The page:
Online transactions are still the weakest point of the card payment network, as a stolen card can easily be used online on sites where basic security features are not implemented. Some of these features may be enabled automatically by your payment gateway, or you may have to turn them on yourself. Make informed decisions, based on your business needs, rather than going with default settings.
- 3D Secure. This is an extra step requiring customers to enter a password (“Mastercard secure” or “Verified by Visa”). As well as genuine crime, 3D secure can protect you from disputes in grey areas where, for example, a teenager has used a parent’s credit card, or an employee has made an unauthorised purchase on a business card.
- AVS – Automated address verification. AVS requires the customer’s billing address and checks that it’s the address where the card is registered.
- Overseas. You may wish to restrict transactions involving certain high-risk countries.
- IP addresses – software is available that will check whether the computer used to place an order is located in the same country as the billing address.
- All your computer networks must be fully secured, including wireless routers.
- Make sure all computers that access your card payment systems have fully up-to-date virus protection.
- Choose secure login details with strong passwords for the order processing side of your website and to your card processing software.
- Do not allow staff to share login details.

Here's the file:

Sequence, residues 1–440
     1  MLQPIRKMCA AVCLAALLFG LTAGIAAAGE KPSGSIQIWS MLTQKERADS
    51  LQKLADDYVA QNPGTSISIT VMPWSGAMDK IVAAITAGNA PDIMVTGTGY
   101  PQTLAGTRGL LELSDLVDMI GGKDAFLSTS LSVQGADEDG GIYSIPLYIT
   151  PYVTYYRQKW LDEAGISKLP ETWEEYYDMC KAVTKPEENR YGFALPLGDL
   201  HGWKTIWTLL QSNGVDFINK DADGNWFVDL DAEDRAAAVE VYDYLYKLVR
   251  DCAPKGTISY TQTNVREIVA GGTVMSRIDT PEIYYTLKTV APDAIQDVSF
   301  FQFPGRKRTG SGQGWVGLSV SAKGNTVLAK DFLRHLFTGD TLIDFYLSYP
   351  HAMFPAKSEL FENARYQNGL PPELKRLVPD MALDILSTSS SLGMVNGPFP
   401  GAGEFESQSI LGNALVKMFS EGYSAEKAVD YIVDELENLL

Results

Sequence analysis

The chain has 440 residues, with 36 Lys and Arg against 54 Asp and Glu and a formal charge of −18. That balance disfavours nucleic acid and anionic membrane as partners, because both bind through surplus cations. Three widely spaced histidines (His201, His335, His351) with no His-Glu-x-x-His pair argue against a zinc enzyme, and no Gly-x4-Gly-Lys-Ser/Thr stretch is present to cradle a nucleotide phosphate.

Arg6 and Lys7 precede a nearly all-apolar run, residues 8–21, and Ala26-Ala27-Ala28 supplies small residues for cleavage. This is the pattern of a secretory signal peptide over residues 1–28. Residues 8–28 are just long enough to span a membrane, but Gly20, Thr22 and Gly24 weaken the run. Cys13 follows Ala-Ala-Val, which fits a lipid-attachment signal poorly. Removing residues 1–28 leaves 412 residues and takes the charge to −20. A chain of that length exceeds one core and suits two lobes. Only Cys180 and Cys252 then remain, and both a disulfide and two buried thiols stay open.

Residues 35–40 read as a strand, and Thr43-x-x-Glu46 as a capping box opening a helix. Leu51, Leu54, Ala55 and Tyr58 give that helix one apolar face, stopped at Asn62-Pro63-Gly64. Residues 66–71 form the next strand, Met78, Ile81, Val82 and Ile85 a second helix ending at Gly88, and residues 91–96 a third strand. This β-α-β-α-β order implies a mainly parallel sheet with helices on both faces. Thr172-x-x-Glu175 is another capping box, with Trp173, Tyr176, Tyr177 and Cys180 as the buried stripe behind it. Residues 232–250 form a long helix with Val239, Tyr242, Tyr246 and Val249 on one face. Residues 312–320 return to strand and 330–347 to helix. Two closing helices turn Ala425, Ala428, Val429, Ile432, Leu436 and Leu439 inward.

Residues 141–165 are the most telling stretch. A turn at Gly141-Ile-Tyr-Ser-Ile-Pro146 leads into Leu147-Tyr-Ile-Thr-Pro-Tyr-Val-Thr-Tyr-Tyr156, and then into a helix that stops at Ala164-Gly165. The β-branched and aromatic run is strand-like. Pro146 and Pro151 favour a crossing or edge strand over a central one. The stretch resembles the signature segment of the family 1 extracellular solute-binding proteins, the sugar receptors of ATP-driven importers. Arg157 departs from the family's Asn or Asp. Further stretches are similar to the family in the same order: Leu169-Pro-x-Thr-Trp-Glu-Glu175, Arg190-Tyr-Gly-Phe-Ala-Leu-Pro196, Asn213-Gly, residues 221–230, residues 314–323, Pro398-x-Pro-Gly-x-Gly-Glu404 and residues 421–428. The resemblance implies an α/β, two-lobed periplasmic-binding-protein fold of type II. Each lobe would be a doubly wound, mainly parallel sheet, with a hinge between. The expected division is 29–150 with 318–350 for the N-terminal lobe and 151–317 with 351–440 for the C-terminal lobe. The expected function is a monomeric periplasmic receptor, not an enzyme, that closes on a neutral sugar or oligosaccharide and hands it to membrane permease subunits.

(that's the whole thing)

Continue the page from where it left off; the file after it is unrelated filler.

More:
- When a member of staff leaves make sure their login is completely deactivated.
- Prevent staff from being able access sensitive systems on their smartphones, tablets or personal computers by restricting logins to your office IP address.
- Bogus refunds are a common method of insider fraud – all card refunds should be signed off by a supervisor.
- Set up user groups with different levels of access, so that sensitive information and processes are available only to those who actually need them.
Don’t assume that if a payment has been accepted by your payment gateway then everything is fine. Keep an eye out for odd behaviour, such as multiple orders from the same email address but with different details, deliveries to PO boxes or hotels, or large order quantities. Be wary of last minute large orders, or orders for bespoke goods or services where the buyer doesn’t seem interested in the details.
You know your business better than anyone, and so you are in the best position to notice any strange purchasing patterns. If in doubt, contact your merchant provider, or decline the transaction.
Remember to follow your merchant provider's own fraud prevention procedures. We also recommend that you read the detailed guidelines published by the UK Card Association in the “merchants” section of their website.